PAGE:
Facebook Inc (NASDAQ:FB) is the name most connected with the launch of the Hillary Clinton presidential campaign. Why? Because the company is going to be one of the major battlefields on which the election plays out. That means a huge amount of advertising money for the Menlo Park company over the next year and a half, exactly how much is a difficult calculation to make.
Hillary already has 4.7 million Facebook users talking about her presidential campaign, according to data seen by the Wall Street Journal. She’s going to need a lot more than that in order to keep the conversation on her as the long arduous road to the White House unfolds before her and her attendants. Facebook will be the ultimate beneficiary of the push to start social media conversations.
Facebook vies for political funding
Facebook has been explicitly looking for revenue from political parties in the run-up to the 2016 presidential election. The company released a report late last year that showed that ads on its platform increased the level of political donations. The report, which was seen by the New York Times, said that ads on Facebook resulted in a 200% return to the campaigns that ran them.
Mark Zuckerberg knows the political power that Facebook can levy, and he wants a piece of the billion-dollar market that is campaign advertising. In the course of the 2012 presidential campaign $7 billion was spent. The 2016 election is expected to spend even more than that, given the likely two-party primaries set to take place next year, and the seemingly ever-inflating costs of running a political campaign.
How much revenue can Facebook score?
The question for investors is how much of that $7-billion cash pile Facebook can funnel through its own coffers. According to figures released after the 2012 presidential campaign Obama and Romeny jointly spent just over $50 million on digital campaigning. That includes everything from Google to Twitter.
In 2016 that spend is going to be much bigger for a number of reasons.
Firstly, social media is much bigger and the power of its advertising is much more trusted. This can be seen in the company’s cost per thousand impressions, a standard way of comparing the effectiveness of advertising. Facebook CPM was 33 cents in the election quarter of 2012. Facebook’s video ads cost more than $20 per 1,000 impressions.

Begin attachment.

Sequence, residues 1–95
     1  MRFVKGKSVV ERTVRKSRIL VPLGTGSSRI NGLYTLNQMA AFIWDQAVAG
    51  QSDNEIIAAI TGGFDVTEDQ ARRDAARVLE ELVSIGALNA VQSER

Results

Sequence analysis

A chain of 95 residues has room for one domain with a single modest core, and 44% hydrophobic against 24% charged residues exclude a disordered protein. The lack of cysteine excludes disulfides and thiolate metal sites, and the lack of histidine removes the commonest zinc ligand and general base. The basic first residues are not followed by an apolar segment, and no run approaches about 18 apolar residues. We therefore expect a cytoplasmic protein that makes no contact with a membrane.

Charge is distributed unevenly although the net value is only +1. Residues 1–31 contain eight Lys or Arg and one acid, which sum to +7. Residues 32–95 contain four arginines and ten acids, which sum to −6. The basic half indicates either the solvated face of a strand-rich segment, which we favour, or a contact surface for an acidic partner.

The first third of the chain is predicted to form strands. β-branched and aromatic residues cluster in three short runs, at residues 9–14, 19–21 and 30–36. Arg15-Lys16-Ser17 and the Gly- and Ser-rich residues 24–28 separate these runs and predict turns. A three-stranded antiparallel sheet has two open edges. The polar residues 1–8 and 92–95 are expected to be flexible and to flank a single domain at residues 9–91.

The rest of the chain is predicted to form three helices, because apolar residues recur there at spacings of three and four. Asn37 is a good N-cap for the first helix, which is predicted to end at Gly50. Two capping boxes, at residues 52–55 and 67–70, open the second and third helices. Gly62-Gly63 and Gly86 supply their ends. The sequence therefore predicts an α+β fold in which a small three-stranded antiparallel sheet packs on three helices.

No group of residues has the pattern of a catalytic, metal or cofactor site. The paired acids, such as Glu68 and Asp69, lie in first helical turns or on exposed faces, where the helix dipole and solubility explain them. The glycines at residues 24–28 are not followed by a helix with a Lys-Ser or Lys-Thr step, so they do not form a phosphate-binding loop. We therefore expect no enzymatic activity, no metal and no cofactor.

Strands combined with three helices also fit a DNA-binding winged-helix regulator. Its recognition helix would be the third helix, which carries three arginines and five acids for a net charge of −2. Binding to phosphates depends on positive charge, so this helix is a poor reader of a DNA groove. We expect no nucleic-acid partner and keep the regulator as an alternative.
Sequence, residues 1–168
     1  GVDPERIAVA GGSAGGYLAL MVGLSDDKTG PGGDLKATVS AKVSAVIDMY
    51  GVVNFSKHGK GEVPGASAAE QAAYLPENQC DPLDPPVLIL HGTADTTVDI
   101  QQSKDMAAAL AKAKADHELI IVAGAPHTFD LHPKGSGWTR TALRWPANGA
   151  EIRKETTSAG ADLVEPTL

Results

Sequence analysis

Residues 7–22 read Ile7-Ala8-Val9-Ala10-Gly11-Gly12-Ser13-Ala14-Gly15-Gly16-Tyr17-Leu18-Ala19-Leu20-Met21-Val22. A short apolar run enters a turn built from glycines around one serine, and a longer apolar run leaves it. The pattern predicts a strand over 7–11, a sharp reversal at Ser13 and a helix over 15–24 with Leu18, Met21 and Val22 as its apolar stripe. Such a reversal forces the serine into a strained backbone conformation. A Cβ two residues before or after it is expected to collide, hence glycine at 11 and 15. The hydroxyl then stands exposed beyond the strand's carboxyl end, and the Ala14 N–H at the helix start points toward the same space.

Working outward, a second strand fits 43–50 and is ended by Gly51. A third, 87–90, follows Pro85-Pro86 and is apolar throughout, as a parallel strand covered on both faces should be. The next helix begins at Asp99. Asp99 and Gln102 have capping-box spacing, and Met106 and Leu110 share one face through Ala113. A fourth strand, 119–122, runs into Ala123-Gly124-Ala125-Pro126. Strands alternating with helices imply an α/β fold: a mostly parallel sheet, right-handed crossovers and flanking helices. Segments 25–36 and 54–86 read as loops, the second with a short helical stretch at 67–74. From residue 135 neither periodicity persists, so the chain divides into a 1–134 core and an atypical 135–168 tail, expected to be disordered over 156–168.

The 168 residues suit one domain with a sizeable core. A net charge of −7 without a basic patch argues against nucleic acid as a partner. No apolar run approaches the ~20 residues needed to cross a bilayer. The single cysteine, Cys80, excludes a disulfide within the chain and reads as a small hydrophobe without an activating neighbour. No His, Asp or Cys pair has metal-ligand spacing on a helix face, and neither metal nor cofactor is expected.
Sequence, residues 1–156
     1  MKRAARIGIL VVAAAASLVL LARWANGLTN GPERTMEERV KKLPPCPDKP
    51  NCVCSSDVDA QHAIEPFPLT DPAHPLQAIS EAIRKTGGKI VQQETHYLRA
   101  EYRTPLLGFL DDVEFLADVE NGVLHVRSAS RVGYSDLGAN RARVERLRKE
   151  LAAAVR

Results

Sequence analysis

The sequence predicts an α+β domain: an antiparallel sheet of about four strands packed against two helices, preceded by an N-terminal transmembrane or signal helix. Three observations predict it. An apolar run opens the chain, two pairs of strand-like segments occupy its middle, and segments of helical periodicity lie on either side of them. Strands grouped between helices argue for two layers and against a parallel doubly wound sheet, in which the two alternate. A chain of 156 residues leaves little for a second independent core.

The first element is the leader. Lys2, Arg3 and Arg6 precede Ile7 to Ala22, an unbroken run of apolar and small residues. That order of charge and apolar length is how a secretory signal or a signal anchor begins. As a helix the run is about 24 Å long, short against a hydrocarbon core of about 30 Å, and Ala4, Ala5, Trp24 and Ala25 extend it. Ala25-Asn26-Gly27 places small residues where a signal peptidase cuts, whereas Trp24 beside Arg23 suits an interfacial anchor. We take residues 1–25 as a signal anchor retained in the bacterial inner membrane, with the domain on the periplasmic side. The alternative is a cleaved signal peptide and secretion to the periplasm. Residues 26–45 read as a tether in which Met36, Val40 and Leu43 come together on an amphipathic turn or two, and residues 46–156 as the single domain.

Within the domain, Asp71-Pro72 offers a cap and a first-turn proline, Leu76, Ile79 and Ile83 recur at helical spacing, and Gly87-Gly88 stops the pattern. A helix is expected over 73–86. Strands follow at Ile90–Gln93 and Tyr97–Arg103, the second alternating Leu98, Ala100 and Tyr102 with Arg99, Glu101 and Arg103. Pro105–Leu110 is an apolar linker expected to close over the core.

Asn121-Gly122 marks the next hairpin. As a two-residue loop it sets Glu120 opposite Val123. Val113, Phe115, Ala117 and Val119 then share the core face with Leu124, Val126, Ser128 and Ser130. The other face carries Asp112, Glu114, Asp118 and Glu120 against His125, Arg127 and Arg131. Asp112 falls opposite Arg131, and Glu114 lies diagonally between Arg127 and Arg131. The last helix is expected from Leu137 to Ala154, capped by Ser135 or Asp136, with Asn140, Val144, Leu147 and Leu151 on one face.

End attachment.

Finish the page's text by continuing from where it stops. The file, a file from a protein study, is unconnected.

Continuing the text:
Secondly, the company now accounts for a bigger proportion of total online advertising spending. the company’s total revenue in 2014 was $12.5 billion, about 20% of Google’s $66 billion. Twitter’s revenue for the full year was just $1.4 billion. Back in 2012 Google brought in $50.2 billion, ten times the $5 billion that Facebook attracted that year.
Thirdly Facebook is stronger than every other part of the competition on mobile, a platform that’s going to be key in the coming election battle. You can be sure that the company is going to leverage its knowledge about the whereabouts of voters, and the profile it has built of their preferences to ensure that political spending is more efficient.
Calculating Facebook political exposure
It’s not clear how much advertising revenue Facebook will be able to bring in in dollar terms, because the total size of the digital market has not yet been decided. A number of things are clear. The digital spending of candidates is going to be massive in 2016 compared to 2012, and a greater portion of it is going to go to Facebook.
If the Menlo Park company is able to convince political parties of the efficacy of its ad model, it could earn millions in the next two years. Picture, from a campaign managers perspective, the ability to target Ohio as a swing state. Now picture them ignoring the demographics that are unlikely to vote for his candidate, targeting just a couple of million voters that could go either way.
The structure of American democracy makes increasingly granular targeting the future of elections. It’s been that way throughout the 20th century, and it hasn’t stopped with the arrival of the Zune.
Facebook investors are hoping that Mark Zuckerberg & Co. are able to set themselves as the forerunners in the new area of pinpoint campaigning.